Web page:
CNC Machines #3: Part 3

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Blog entry by MrRon posted 11-09-2012 12:02 AM 2503 reads 2 times favorited 6 comments Add to Favorites Watch
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In this part, I will show you how to layout accurately to a few thousands of an inch. The CNC router is a machine capable of cutting to accuracies measured in thousands of an inch; therefore the machine needs to be built to thousands accuracy. This may seem impossible when working with wood, but with a few basic measuring tools, layout doesn’t have to be a difficult task. This will apply to marking wood or metals. Since I drew up all my designs using a CAD program, all my dimensions were decimal to 3 places. You may work with whatever system you like, but the method of layout is the same. Because I have a milling machine, I took advantage of its direct reading dials to make a set of layout gauges. These gauges will be used to layout dimensions on the plywood or aluminum, whichever you decide to use. Starting with aluminum flat bar, ¼” thick x 2” wide, I cut a length of the flat bar to the following lengths: 1”, 2”, 3”,6”,12” and 24”. I cut them to a rough oversize length and used the milling machine dials to get them to the exact length. I tried to get the lengths as close to the dimensions noted by measuring with micrometers and calipers. A 6” or 12” digital caliper from Harbor Freight is perfectly adequate for layout and making the gauge blocks. The length of each gauge is ± .001” which is close enough for our purposes. For those in the know, I used a 1” micrometer and a 12”vernier caliper to check the length of each gauge. I call my gauges, gauge blocks, but mine are only accurate to ± .001”. Real gauge blocks as used by machinists are accurate to ± .0000001” and they are expensive and not required for our build. Figure 1 shows the set of gauge blocks I made and the tools used for layout.


Figure 2 shows a sample layout dimension on the plywood. The dimension is taken from the left hand edge to the second hole. In use, I do my layout in thousands of an inch using my home made gauge blocks, a 6” digital caliper, a 12” combination square and a sharp scriber.

To setup the dimension, use a 2” and a 6” gauge block and subtracting 8” from the 10.726” dimension, the result is 2.726” which I set on the caliper. I then transfer the 2.726” caliper dimension to the combination square as shown in Figure 3.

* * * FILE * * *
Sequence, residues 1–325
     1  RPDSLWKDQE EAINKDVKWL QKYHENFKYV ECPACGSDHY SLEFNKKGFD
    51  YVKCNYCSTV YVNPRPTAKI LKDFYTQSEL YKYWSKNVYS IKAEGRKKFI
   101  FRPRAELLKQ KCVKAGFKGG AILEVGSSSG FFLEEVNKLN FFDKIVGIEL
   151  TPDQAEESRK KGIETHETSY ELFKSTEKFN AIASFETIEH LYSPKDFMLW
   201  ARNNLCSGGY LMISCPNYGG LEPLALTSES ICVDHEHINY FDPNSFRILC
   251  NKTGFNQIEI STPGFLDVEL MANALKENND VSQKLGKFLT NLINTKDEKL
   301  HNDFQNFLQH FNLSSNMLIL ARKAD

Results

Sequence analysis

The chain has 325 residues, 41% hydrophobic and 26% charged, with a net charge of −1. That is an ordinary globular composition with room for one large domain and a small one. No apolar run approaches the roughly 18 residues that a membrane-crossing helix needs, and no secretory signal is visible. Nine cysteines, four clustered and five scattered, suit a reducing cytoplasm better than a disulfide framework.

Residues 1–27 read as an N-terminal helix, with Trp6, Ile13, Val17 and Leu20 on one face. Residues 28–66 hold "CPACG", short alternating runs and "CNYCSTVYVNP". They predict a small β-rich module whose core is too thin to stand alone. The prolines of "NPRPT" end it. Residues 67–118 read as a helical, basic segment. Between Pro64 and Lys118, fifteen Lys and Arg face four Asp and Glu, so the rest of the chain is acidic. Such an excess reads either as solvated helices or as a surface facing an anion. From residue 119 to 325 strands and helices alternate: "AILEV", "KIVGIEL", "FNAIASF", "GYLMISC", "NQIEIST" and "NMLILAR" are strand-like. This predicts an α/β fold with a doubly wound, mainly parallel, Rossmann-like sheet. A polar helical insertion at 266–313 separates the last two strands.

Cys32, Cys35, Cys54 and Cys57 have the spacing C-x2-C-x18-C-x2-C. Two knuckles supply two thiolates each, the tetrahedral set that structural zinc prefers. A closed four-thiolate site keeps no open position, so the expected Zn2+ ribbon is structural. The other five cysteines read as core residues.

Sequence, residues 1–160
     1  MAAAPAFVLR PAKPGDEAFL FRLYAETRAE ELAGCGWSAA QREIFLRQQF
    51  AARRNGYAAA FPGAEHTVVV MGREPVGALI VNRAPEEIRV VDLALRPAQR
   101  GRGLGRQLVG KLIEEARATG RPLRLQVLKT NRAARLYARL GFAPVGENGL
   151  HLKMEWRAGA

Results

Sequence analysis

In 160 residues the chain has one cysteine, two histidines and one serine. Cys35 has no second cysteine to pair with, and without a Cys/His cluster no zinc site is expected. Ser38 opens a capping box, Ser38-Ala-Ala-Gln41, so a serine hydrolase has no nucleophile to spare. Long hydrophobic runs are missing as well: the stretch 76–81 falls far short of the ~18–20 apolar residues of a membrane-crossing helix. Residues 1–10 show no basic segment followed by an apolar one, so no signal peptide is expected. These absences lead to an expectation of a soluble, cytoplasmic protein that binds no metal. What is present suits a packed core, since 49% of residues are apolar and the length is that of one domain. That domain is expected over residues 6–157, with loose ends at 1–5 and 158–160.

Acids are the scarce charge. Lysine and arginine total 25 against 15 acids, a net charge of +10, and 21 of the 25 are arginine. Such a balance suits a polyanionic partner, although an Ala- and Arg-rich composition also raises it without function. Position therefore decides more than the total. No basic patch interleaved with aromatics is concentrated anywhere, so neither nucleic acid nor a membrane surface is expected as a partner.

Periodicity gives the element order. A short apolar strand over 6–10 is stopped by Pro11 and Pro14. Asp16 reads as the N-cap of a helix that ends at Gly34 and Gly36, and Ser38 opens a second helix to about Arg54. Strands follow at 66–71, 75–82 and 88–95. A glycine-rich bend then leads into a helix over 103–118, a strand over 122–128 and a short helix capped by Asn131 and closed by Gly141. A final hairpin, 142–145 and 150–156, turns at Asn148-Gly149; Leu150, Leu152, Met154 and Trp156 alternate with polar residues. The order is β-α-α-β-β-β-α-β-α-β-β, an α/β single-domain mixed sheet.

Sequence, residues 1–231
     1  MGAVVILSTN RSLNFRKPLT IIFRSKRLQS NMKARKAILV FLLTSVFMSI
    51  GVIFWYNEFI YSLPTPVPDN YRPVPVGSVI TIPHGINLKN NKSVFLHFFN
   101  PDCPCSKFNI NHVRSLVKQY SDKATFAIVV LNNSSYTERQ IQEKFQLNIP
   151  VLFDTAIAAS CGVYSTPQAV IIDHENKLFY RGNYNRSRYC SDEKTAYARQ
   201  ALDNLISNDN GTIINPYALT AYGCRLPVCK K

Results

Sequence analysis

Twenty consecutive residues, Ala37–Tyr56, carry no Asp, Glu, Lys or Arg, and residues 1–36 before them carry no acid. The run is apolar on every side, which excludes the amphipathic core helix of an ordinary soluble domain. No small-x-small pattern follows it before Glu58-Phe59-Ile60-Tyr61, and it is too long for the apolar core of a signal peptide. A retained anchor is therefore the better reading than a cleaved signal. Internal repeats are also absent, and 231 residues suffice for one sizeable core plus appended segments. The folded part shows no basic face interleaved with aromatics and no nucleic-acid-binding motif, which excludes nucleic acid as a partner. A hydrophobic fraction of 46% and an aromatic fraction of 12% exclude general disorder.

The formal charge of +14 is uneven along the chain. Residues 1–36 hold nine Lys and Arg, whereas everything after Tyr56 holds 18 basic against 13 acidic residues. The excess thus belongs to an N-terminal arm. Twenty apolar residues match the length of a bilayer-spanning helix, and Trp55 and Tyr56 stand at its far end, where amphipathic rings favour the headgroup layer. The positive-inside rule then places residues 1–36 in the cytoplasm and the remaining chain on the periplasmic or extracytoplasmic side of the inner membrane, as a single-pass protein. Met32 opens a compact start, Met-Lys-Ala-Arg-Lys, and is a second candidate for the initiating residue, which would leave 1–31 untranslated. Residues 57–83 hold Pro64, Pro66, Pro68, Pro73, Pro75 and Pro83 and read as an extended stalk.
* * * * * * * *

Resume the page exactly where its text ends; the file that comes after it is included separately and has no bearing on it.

In Figure 4, the setup is shown ready to scribe the line at the right end of the 6” gauge block. All dimensions are laid out the same way using the same edge to measure all dimensions from. This is a pretty accurate way to do the layout. It shouldn’t be off by more than ± .003”.


I know not everyone has a milling machine, so here are some ideas for making the gauge blocks. You can cut the aluminum using a bandsaw or table saw. If you use a table saw, take a fine tooth carbide blade and mounting it backwards so the teeth point AWAY from you, you can cut the aluminum bar. You can make the 1”, 2”, 3” and 6” long bars by measuring with a 6” digital caliper. For the 12” bar, place the previous 4 bars end to end and for the 24” bar, use the 12” bar twice to mark the 24” length. The more time you take making these bars, the more accurate your layout will be.

6 comments so far

View jap's profile


1251 posts in 3210 days

#1 posted 11-09-2012 03:37 AM


-- Joel

View macatlin1's profile


78 posts in 4098 days

#2 posted 11-09-2012 11:43 AM

I made something similar but without using a milling machine. I cut the bars as accurately as possible and then measured them. The number weren’t nice even numbers but using a calculator to do the math gives the same result.

View Praki's profile


203 posts in 5152 days

#3 posted 11-09-2012 04:54 PM

I find this very useful. Thanks for showing what can be done with inexpensive tools and materials.

-- Praki, Aspiring Woodworker

View MrRon's profile


6089 posts in 4399 days

#4 posted 11-23-2012 09:25 PM

I have not been able to add more to this blog due to back problems that I am trying to resolve. Then it will be full speed ahead.

View MrRon's profile


6089 posts in 4399 days

#5 posted 04-27-2013 05:19 PM

I want to update this blog so as not to let anyone think I have given up on it. My back problems have gotten worse and I am unable to do anything in the shop. I’m under a doctor’s care and trying to find a way to get back normal functioning. The diagnosis is Spinal Stenisos or a narrowing of the passages in the veterbrae causing pressure on the siatic nerve. Those of you who have had this know what it feels like. So far, I’ve undergone physical threaphy and an epidural spine injection. I’m waiting now for improvement. If no improvement, I will have to consider surgery as the next step. Once I’m back, I’ll continue with the CNC build. Thanks for your patience.

View MrRon's profile


6089 posts in 4399 days

#6 posted 10-19-2014 08:16 PM

After celebrating my 80th birthday, (Oct 9th), I started back working on my CNC machine along with several other projects. While taking it easy, I have been refining my CAD drawings and designing some smaller CNC machines. I entered a contest with “Online Metals” and lo-and-behold, won $250 worth of materials. I now have most of the metals I need for my ongoing projects. They are a great company to deal with if you need small amounts of metals or plastics.

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